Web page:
The Minnesota DNR told me I had to put my bow away on December 31, which of course I did. But they never said I couldn’t start thinking about, and planning for, next year. So the day after I stashed my bow, I got busy on next September.
Nothing serious. I just started noting which treestands need to come down for maintenance. Some spots that need scouting. Shooting lanes that need tweaking or expanding—a loose to-do list that I’ve learned I need to start chipping away at before turkeys start gobbling and trout start rising. Still, mostly back-burner stuff.
Then a couple of days ago, just as I was thinking about dinner, I looked out my back window and saw the buck above. He’d wandered into a small soybean plot not twenty yards from my deck, with three other bucks in tow. I grabbed a camera and ran to the bedroom—as the windows there offer the best view of the plot—and I took a few quick pics while the bucks fed. Deer don’t feed very long in my backyard food plots during daylight, probably because they know there’s an overeager golden retriever living in the house that takes great joy in barking at them. True to form, the bucks fed for a few minutes, got nervous for no apparent reason, and took off.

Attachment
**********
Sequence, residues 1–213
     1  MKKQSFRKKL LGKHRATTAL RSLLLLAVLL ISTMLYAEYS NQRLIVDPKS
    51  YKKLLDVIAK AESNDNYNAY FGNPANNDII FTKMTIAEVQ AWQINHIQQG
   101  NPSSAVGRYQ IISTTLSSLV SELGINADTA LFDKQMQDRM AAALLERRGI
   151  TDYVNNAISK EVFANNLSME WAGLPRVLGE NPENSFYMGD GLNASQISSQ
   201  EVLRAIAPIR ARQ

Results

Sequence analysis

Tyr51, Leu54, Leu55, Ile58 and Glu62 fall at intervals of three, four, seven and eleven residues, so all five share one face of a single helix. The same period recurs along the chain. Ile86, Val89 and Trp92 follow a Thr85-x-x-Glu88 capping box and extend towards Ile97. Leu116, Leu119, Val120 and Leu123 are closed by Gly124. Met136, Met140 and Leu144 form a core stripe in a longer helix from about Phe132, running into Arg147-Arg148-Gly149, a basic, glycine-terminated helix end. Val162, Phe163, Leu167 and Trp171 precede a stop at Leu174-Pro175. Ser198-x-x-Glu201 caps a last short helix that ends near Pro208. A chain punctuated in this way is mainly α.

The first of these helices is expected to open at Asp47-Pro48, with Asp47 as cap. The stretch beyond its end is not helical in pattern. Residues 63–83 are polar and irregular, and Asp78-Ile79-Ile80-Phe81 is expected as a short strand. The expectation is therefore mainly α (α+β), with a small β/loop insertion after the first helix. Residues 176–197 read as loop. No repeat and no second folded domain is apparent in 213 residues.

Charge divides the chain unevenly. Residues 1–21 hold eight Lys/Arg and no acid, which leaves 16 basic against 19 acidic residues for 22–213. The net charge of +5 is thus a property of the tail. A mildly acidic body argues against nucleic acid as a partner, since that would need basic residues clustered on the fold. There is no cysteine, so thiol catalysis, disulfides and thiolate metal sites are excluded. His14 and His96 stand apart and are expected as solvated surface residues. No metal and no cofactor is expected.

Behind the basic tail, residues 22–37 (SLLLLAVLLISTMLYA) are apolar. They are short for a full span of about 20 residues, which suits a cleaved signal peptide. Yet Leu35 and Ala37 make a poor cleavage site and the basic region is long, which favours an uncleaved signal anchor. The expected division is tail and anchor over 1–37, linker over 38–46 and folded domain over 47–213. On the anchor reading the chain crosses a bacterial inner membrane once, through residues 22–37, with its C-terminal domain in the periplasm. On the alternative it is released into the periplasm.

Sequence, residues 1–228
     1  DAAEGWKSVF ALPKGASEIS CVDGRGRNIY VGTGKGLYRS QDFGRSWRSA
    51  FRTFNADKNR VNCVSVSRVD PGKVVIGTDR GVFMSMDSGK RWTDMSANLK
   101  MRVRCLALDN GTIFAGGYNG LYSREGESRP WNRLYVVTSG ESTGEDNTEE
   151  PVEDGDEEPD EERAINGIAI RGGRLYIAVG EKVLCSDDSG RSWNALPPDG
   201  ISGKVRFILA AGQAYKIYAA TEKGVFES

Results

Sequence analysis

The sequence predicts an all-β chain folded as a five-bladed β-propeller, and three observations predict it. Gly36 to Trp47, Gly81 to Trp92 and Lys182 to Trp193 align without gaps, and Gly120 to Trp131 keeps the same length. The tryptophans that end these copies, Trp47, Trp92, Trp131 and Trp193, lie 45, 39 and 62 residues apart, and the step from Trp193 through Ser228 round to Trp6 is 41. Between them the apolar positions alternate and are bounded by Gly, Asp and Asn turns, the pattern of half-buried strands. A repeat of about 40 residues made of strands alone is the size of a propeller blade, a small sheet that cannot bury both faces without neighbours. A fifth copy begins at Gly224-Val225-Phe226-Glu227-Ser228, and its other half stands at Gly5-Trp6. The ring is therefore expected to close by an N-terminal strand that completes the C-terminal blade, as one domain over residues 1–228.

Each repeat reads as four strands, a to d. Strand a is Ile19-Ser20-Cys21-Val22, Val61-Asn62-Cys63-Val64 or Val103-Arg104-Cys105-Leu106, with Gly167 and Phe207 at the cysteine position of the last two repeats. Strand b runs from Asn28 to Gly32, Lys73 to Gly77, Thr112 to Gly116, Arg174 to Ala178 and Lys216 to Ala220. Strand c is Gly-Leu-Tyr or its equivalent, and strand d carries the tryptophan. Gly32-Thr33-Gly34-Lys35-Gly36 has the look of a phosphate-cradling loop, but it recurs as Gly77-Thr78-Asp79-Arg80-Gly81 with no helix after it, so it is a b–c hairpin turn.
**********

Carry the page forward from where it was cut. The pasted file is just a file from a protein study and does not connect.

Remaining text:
Okay, the buck is no world-beater, but—assuming he doesn’t get whacked by a car or chomped by a coyote—he should be a dandy next fall. And suddenly, all those back-burner chores have moved to the front of the stove. This poor deer hasn’t even shed last fall’s rack, and I’m already trying to wriggle into his head like a brainworm. Where does he sleep? What are the food sources in his home range? Where does he fit in the pecking order, and how might that affect how I should hunt him?
It didn’t always used to be like this, you know. I used to give deer hunting a good rest for a couple months, but somewhere along the way—for me and lots of other deer hunters—that’s all changed. I can’t pick up a bow until mid-September, but the hunt for “The Bedroom Buck” has already begun.